Embrace hope in an age of cynicism, former congressman urges

Former Congressman Chet Edwards spends a couple of weeks each semester on the Baylor University campus, speaking to classes and making public lectures. He recently addressed Baylor’s Civic Life Summit, convened by the university’s Public Deliberation Initiative. (File Photos / Baylor Marketing & Communications)

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WACO—Cynicism damages public discourse and threatens the political process, but hope offers greater power, former Congressman Chet Edwards told the Civic Life Summit at Baylor University.

“Cynicism is a powerful and a destructive force,” said Edwards, a Democrat who represented a predominantly Republican Central Texas district in the U.S. Congress 20 years. “It can suck the energy out of an individual, a community and—yes, even now—the country.

Chet Edwards 250“If unchecked, cynicism can spread like a virus, killing all that is good in its path—faith, hope and love. It can rob us of the belief that one can make a difference and that ‘we the people’ can make a difference in our democracy. And like the massive black holes of outer space, cynicism if gone to its extreme can literally turn light into darkness.”

The loss of hope in upward mobility, the loss of faith in fundamental institutions and the loss of trust in elected officials all represent evidence of cynicism, Edwards told the summit, convened by Baylor’s Public Deliberation Initiative.

Yielding to the ‘siren song of cynicism”

“In the face of the political and social challenges we face in our country today, cynicism can be a temptation for all of us, regardless of our political or social views,” he said. “It is the path of least resistance. It is the easy course to take—an excuse for giving up, for not voting, for not trying to make a difference anymore.”

Edwards, who holds the W.R. Poage Distinguished Chair in Public Service at Baylor, acknowledged he easily could have surrendered to the “siren song of cynicism” in 2008 when, after he endorsed Barack Obama’s bid for the presidency, his district office was “deluged by racist, bitter, bigoted calls.”

Likewise, Edwards called the 2016 presidential election “a body blow to my hope for the future of our country,” citing a list of well-publicized remarks by then-candidate Donald Trump that initially made his election seem unthinkable.

“While I detest the politics of fear and division, I have come to accept that is it wrong to assume that most people who voted for Mr. Trump did so out of racial bigotry,” he said. “I have more faith in the American people than that.

“While, sadly, there are still too many whose votes, politics and views are influenced by bigotry and race, I believe most voters voted for Mr. Trump for one simple reason: They believed our political system is broken, which it is, and they wanted to try to change it, to see if they could make it better.”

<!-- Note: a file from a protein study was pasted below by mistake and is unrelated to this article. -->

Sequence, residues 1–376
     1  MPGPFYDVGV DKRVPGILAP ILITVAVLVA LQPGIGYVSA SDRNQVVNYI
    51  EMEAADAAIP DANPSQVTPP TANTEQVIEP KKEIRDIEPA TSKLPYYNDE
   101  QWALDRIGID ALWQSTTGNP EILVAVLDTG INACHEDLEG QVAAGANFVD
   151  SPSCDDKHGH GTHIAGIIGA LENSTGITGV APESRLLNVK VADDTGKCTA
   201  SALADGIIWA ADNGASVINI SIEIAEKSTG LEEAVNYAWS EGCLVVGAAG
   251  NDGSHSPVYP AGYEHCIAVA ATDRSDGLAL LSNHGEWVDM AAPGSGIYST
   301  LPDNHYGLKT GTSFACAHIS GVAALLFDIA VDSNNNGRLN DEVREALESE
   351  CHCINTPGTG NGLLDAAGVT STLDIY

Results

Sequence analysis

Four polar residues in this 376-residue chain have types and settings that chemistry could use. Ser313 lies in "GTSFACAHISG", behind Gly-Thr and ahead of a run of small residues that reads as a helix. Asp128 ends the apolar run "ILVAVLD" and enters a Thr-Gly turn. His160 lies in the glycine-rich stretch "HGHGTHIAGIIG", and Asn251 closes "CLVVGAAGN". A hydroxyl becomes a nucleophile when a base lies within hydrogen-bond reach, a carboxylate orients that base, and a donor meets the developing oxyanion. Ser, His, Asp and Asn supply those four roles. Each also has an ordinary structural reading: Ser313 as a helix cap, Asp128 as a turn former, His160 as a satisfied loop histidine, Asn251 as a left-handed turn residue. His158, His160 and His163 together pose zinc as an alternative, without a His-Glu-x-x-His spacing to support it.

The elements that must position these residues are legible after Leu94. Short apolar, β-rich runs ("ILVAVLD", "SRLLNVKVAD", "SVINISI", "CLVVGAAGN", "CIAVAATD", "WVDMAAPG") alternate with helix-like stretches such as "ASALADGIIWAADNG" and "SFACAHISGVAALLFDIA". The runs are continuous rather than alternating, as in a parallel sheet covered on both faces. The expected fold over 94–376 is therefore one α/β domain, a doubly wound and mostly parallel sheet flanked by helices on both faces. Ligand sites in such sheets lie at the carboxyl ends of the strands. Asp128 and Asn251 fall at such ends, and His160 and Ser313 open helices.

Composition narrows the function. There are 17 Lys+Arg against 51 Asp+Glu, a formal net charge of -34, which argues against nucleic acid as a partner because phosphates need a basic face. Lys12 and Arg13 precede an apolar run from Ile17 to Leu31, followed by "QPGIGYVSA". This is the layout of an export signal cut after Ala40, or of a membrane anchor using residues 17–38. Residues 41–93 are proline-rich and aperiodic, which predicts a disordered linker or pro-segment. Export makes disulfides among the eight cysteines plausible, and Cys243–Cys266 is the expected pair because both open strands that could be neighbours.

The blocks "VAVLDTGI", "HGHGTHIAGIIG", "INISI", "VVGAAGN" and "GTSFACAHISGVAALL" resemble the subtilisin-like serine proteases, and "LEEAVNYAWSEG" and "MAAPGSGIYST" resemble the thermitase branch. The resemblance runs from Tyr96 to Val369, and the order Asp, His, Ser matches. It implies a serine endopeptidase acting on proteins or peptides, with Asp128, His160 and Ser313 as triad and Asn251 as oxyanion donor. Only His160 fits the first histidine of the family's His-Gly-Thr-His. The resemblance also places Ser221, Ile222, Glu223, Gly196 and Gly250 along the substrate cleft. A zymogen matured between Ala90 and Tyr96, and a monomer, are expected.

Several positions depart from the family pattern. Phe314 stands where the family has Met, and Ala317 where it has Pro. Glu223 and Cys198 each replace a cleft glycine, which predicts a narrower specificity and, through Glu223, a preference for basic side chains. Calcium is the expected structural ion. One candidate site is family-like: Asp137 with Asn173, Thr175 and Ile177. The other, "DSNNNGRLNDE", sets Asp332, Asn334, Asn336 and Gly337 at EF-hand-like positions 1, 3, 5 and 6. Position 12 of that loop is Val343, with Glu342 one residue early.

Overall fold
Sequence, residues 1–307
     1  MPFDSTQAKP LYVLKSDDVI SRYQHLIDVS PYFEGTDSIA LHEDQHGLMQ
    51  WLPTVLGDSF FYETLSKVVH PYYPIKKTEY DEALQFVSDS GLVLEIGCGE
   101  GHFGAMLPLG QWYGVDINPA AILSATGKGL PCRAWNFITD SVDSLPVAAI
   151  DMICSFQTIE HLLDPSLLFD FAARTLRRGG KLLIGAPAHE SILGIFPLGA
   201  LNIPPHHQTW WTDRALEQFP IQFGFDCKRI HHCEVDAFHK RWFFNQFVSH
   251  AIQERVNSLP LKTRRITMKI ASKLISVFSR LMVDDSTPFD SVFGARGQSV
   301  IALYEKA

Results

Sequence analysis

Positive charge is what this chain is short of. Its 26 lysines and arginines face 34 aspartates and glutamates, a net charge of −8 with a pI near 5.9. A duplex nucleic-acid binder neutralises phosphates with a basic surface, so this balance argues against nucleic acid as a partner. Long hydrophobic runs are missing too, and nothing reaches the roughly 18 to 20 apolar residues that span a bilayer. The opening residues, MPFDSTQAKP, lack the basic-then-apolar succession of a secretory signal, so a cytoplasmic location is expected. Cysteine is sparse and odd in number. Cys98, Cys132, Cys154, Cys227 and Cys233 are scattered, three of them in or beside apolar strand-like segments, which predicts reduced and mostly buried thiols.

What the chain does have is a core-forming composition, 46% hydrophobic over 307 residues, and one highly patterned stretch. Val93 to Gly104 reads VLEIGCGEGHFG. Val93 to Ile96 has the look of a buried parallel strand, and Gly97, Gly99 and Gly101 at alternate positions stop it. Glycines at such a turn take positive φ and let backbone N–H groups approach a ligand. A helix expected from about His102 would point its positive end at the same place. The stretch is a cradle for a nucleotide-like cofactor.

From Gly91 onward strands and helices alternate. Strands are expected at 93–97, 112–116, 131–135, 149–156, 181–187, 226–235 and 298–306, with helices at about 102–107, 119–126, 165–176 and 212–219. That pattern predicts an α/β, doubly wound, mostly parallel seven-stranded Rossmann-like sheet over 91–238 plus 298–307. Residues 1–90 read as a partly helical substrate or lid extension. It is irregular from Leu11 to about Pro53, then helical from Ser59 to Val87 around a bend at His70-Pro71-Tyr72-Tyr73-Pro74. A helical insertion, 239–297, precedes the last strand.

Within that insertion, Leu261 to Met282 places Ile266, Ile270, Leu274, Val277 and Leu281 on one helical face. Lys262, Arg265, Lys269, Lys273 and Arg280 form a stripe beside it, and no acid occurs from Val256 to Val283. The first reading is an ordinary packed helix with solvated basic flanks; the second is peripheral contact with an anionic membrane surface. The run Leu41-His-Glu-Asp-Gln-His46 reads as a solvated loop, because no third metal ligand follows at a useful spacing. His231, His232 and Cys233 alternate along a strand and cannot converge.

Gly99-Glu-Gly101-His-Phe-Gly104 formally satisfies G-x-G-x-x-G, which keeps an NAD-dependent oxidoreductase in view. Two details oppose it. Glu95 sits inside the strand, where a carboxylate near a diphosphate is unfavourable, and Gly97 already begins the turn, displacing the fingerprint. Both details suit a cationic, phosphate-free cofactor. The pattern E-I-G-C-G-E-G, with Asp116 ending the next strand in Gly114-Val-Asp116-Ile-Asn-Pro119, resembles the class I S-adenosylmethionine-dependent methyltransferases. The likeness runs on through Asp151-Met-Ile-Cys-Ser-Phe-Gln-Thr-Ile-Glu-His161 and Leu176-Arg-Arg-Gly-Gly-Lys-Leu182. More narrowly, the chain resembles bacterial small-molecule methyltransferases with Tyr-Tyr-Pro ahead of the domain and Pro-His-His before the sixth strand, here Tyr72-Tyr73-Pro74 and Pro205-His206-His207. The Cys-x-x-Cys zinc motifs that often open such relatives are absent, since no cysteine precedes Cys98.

Although he described recent presidential campaigns as “blood sport,” Edwards cited quotations from the 1800 presidential race between John Adams and Thomas Jefferson to illustrate vitriolic political rhetoric is nothing new.

‘Never give up our hope for a better future’

In spite of cynics who have predicted catastrophe in the United States if their candidate did not prevail in an election, the republic has endured and thrived, he noted.

“We are a people who never give up our hope for a better future,” Edwards said.

In every generation, some people strive to reach the highest ideals expressed in the Declaration of Independence and the Bill of Rights to the U.S. Constitution, he said. The nation’s hope rests in people who recognize the country’s imperfections but work to make it “a more perfect union,” he insisted.

Edwards challenged summit participants to follow the admonition of Martin Luther King Jr., who said, “We must accept finite disappointments but never lose infinite hope.”

Make a difference

In 28 years of public service—first in the Texas Senate and then in the U.S. House of Representatives, Edwards said, he saw examples of goodness and courage as ordinary people worked to make others’ lives better.

“We are blessed to live in a country where one person can make a difference,” he said.

The belief that each individual finds meaning and purpose in helping improve the lives of others is “for many of us, part of our faith (and) for all of us, part of our DNA,” he insisted.

“In my faith, the calling to ‘love thy neighbor’ is not a calling to have good feelings about one’s neighbor. It’s a call to action,” said Edwards, a longtime Methodist who regularly attends Calvary Baptist Church in Waco and McLean Baptist Church in McLean, Va.

He pointed to the example of John Lewis, the Civil Rights leader who has served in the U.S. Congress since 1987, and read a passage from Lewis’ memoir, Walking with the Wind.

Lewis described a childhood experience when he and 14 other young relatives sought shelter in an aunt’s house during a violent storm. When winds threatened to lift the house off its piers, his aunt told the children to clasp hands and walk to the corner that needed reinforcement to weigh it down.

In his book, Lewis compared that incident to times in U.S. history when storms rocked the country but “people of conscience never left the house.” Instead, he said, they clasped hands and moved toward the weakest corner of the house.

Edwards challenged the Civic Life Summit participants to accept Lewis’ invitation to embrace hope and “make our community a more beloved community and our nation a more perfect union.”

 

 

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